1. Where does Thursday go? by Janeen Brian. 

Thursday is Bruno’s birthday, and he wishes it didn’t have to end. But Friday is coming, and he knows his special day will be gone in the morning. What will happen to Thursday during the night? Where will it go? 

2. Not a box by Antoinette Portis. 

Not a Box tells the story of a rabbit who is asked what he's doing in or to a large box, and repeatedly responds that it's not a box, it's a spaceship, a race car, a mountain... This fun, clever book is a great anytime read.

3. If by Sarah Perry. 

If...is a book of surreal possibilities. It can be explored in many different ways. You can use a single illustration or combine several to create your own stories. For example, "If frogs ate rainbows... what would their croaks sound like and what would they say?"

Sarah Cameron

 

Sunglasses, should your child be wearing them?

 
sunglasses boy.jpg

ABC News have written a story this week focusing on the need for children to wear sunglasses. This topic comes up about once a year, and yes, ABC News have covered a similar story here and here before. They have quoted an eye specialist Dr Shanel Sharma, who is a Lecturer at University of Sydney and an eye surgeon and specialist based in Sydney. Here's what I've found on the topic, see what you think.

Important points

  • Big pupils and clearer lenses means up to 70 per cent more UV light reaches a child's retina than in an adult's eye.

  • Blue eyes are particularly at risk because the less pigment in the iris means more sensitivity to UV.

  • The long-term effects of sunburned eyes are cumulative and not reversible.

  • For kids, bright summer days at the beach, surfing or sailing, pose the highest risk, as sand and water reflect the UV light.

  • Hats only protect from above, not below, where reflected UV from water, sand or concrete can do a lot of damage.

Image sourced from The Vision Council.

Image sourced from The Vision Council.

Hold your horses, there's a BUT...

Doctors warn that some sunglass manufacturers are taking advantage of the lack of conclusive studies on the subject. "Many manufacturers use tactics to make parents scared that if they do not put their infant and toddler into sunglasses, their child won't be able to see in adulthood," said Dr. Robert Gross, a paediatric ophthalmologist in Texas. "There's insufficient data to warrant mandating that all infants and small children must wear sunglasses at all times," Dr. Gross said. "However, it certainly would not hurt a child to wear them when in the sun for long periods."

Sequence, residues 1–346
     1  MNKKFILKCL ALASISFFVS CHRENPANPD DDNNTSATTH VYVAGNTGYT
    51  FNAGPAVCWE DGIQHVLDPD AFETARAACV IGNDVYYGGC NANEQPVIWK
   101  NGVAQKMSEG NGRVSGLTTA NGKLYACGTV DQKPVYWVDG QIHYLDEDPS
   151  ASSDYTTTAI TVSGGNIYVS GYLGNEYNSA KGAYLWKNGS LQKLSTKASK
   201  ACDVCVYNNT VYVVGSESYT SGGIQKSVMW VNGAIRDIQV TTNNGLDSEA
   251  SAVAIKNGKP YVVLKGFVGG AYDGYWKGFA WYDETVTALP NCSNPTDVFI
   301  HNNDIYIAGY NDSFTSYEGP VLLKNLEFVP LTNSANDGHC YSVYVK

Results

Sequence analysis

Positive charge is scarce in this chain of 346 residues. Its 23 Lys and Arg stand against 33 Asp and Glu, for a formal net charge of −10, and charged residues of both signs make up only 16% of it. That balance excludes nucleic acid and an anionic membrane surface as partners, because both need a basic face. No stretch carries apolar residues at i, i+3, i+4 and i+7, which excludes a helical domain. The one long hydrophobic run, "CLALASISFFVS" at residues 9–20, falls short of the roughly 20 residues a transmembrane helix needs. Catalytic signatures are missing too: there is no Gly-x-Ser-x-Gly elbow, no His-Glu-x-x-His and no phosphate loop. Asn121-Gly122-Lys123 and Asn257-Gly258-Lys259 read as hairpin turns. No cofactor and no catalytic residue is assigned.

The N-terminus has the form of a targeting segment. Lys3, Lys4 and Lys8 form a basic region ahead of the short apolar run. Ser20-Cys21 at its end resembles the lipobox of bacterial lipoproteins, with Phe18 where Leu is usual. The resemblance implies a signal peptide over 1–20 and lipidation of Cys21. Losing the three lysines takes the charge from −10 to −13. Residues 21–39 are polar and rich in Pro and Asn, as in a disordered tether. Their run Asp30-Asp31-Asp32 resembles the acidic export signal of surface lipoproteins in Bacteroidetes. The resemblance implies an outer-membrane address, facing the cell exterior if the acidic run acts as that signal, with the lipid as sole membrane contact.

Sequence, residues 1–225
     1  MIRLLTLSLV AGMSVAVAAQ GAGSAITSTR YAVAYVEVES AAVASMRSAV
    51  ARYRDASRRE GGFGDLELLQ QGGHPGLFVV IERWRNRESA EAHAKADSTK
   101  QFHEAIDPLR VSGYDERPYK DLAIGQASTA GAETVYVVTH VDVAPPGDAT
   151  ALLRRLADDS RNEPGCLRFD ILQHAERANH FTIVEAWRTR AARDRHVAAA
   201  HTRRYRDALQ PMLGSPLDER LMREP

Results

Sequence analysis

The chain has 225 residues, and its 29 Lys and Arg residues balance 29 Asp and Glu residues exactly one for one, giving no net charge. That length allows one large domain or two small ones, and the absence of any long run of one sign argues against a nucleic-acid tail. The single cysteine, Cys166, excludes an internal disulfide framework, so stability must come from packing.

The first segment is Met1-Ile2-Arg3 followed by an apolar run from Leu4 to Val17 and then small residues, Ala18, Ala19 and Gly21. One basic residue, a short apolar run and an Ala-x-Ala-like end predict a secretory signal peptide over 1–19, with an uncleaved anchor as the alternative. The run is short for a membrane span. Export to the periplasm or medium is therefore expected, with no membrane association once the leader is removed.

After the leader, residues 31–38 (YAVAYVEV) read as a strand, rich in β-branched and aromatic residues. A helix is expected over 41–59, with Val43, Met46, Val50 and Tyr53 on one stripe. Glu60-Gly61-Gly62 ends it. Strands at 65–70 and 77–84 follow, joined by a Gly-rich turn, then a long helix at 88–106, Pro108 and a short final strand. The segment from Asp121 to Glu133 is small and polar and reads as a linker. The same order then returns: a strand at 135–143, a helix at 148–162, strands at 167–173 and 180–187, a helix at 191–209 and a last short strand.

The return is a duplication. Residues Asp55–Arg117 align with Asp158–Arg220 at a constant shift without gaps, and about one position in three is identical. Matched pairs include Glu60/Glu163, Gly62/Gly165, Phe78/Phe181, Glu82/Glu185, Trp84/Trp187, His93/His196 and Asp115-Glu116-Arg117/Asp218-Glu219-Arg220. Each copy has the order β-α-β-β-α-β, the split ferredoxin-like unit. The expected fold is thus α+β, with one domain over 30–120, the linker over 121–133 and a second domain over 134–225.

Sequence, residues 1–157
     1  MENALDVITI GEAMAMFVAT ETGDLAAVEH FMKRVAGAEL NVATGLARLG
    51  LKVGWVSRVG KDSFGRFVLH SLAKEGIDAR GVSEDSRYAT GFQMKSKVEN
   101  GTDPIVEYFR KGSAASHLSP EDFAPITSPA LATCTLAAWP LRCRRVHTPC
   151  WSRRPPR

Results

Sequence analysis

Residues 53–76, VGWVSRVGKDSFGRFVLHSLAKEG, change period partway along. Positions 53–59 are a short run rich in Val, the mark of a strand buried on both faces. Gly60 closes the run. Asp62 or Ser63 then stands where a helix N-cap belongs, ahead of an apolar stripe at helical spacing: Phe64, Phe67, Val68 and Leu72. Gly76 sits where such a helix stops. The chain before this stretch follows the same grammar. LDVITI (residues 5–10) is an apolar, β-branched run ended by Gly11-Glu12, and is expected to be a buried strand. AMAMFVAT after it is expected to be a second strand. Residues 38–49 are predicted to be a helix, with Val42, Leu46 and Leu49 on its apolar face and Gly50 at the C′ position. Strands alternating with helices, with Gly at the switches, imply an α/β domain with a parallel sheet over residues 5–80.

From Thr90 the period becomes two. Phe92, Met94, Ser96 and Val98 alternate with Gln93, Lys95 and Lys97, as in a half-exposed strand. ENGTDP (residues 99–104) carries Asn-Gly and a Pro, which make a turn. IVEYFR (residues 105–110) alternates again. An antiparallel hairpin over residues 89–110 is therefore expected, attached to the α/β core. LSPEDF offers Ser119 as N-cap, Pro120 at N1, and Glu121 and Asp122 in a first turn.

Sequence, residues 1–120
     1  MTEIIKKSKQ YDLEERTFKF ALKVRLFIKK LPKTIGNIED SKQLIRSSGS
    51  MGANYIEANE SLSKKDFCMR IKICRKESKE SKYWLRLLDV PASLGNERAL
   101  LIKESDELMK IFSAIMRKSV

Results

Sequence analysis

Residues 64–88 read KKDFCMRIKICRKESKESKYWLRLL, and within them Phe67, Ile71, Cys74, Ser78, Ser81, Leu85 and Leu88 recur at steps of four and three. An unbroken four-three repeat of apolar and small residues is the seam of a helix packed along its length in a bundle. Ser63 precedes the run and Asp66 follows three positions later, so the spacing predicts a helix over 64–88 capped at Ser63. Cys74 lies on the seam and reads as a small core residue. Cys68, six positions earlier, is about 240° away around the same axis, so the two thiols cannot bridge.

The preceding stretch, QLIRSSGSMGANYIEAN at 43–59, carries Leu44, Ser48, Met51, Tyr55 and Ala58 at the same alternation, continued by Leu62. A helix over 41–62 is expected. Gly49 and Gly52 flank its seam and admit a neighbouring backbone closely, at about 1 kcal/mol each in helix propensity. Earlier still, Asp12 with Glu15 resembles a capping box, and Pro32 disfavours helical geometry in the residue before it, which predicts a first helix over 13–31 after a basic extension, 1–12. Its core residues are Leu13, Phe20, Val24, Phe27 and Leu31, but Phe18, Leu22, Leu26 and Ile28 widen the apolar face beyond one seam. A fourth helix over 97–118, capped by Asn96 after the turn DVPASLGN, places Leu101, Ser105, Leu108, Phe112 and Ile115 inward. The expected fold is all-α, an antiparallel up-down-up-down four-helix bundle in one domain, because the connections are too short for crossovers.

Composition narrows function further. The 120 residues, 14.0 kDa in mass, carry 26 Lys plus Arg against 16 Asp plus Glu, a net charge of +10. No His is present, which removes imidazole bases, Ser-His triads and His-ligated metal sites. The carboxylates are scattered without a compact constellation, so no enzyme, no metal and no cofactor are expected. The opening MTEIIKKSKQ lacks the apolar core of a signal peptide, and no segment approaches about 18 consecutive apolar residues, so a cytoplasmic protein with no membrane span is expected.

According to an Australian company Zeiss, "sunglasses are not suitable for very small babies. Their nose bridges and ears have not yet developed enough to wear glasses. The best protection for babies is a wide-brimmed hat or keeping them in the shade. Children should have suitable sunglasses when they start to attend pre-school at the latest".

Tips for buying sunglasses

  • Choose sunglasses that have Australian standard UV 400 lenses or 100% UV protection. 

  • Polarised lenses to eliminate glare, so his may have a more immediately beneficial effect, making your child more likely to keep wearing the glasses.

  • Find impact-resistant, scratch-proof lenses that don't pop out of the frames. Avoid glass lenses, unless recommended by a doctor; plastic is safer. Frames should be bendable but unbreakable. Make sure the glasses fit snugly, close to the face.

  • Sunglasses need to fit your children comfortably. Sunglasses that pinch or are scratched are less likely to be worn.

What is a UV Alert?

Sunsmart have created a great resource to help parents with young children. The sun protection times can tell you whenever UV levels are forecast to be 3 or higher. This makes it easier to know when you do and don’t need sun protection. These times are forecast each day by the Bureau of Meteorology.

You can find the sun protection times for your location at the Bureau of Meteorology website .

SunSmart recommends using a combination of the five sun protection measures during the daily sun protection times: Slip on  clothing , Slop on SPF30 or higher  sunscreen , Slap on a  hat , Seek  shade  and Slide on  sunnies .

I'll leave this one with you,

Sarah Cameron 

 

5 ways to move beyond asking "how was school today"...

 

When your child gets home from care or school today, here are 5 conversation starters that will hopefully spark their interest.

  1. Tell me something that made you laugh today.
  2. Was anyone away today? 
  3. What was the yummiest thing in your lunch box today?
  4. Did anyone do something nice for you today? Did you do something nice back?
  5. What was your favourite thing that happened today?

And a bonus question that is always absolutely lovely to ask:

What are you looking forward to tomorrow?


Remember that a conversation is a two-way street. You can open up your questions with an anecdote from you own day. “I went grocery shopping and found the yoghurt that Dad likes for lunch. What was the yummiest thing in your lunch box today?"

Keep the conversation going and maybe, just maybe, you’ll actually get to know the answer to “how was school today?”


Sarah Cameron